The UK energy industry could be saving £4bn a year by sharing data, says Foot Anstey
Sharing data with rivals could save the UK’s energy industry £4bn a year, according to energy law experts Foot Anstey.
Even though more than half of the UK’s energy this summer was supplied by renewable sources, research suggests that £70,000 is being lost with every 1MW produced.
Modelling executed by Foot Anstey, along with partners QBots, an energy systems developer, has indicated that this loss is due to inefficiencies going unchecked because different players – such as energy asset owners, manufacturers, and system operators – have neglected to share information.
This works out at a potential efficiency loss of £4bn across the UK network.
Chris Pritchett, Head of Energy at Foot Anstey, commented: “The problem is often not stockpiling of data, it’s the reverse - people don’t know what a goldmine they’re sitting on.
“No one necessarily has a 'right' to energy data, although some market players are becoming more alive to the potential in owning it.”
Pritchett does not suggest that players start to share all of their information. He advises that partnerships are made, allowing players to disclose information with one another in order to develop localised projects, such as smart cities and microgrids.
Foot Anstey released these findings in its report: Data in Energy Storage: Mine, Mine, Mine.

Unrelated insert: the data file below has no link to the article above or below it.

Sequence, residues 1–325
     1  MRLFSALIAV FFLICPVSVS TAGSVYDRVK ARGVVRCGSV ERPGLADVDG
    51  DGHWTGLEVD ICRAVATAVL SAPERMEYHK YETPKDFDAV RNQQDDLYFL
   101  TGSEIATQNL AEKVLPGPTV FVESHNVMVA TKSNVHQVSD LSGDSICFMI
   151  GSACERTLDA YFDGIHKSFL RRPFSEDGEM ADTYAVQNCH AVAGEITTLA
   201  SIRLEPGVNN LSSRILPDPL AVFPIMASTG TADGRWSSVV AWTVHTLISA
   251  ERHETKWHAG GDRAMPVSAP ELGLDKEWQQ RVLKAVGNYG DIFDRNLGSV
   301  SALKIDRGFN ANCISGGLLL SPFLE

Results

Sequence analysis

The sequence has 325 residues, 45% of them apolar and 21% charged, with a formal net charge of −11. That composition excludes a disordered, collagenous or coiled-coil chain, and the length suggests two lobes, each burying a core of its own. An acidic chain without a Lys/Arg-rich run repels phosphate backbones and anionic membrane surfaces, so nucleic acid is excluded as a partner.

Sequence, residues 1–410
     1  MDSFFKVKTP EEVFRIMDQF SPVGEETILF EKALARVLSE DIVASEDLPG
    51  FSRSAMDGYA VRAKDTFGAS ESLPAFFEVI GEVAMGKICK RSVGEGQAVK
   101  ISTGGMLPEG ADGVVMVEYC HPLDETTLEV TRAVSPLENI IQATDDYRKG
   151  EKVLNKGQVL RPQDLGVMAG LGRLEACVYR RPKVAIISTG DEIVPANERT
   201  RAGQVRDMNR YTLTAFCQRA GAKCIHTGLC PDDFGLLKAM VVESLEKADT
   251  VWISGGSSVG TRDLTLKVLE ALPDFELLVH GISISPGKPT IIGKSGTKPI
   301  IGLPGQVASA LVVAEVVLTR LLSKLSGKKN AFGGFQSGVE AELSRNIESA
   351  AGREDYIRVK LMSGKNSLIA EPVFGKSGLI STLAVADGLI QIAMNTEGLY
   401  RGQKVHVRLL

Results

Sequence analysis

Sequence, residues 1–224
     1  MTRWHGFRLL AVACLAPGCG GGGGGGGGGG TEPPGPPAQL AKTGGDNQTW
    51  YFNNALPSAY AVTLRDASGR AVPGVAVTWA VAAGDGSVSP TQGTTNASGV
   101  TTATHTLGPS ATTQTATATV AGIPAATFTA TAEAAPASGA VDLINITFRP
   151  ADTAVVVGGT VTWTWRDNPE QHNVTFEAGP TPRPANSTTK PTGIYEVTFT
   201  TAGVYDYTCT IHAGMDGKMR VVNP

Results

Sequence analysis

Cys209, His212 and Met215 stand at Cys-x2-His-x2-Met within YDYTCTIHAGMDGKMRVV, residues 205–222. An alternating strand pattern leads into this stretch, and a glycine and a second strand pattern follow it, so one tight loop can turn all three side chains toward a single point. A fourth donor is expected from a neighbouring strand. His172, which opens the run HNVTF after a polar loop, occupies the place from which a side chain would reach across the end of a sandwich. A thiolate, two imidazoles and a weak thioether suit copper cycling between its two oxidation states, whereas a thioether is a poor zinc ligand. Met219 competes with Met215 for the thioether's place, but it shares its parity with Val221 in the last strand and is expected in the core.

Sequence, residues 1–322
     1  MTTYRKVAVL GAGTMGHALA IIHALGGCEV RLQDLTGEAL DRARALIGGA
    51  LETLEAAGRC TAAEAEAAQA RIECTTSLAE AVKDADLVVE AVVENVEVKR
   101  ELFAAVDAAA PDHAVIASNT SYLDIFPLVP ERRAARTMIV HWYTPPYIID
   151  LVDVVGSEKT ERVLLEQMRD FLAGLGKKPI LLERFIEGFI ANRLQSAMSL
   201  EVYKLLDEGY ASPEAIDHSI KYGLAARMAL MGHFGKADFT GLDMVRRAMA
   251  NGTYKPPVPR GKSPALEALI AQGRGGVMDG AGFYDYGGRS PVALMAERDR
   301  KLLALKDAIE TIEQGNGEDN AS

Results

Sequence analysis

Drax advances biomass strategy with Pinnacle acquisition
The Group’s enlarged supply chain will have access to 4.9 million tonnes of operational capacity from 2022. Of this total, 2.9 million tonnes are available for Drax’s self-supply requirements in 2022, which will rise to 3.4 million tonnes in 2027.
The £424 million acquisition of the Canadian biomass pellet producer supports Drax' ambition to be carbon negative by 2030, using bioenergy with carbon capture and storage (BECCS) and will make a "significant contribution" in the UK cutting emissions by 78% by 2035 (click here).
This summer Drax will undertake maintenance on its CfD(2) biomass unit, including a high-pressure turbine upgrade to reduce maintenance costs and improve thermal efficiency, contributing to lower generation costs for Drax Power Station.
In March, Drax secured Capacity Market agreements for its hydro and pumped storage assets worth around £10 million for delivery October 2024-September 2025.
The limitations on BECCS are not technology but supply, with every gigatonne of CO2 stored per year requiring approximately 30-40 million hectares of BECCS feedstock, according to the Global CCS Institute. Nonetheless, BECCS should be seen as an essential complement to the required, wide-scale deployment of CCS to meet climate change targets, it concludes.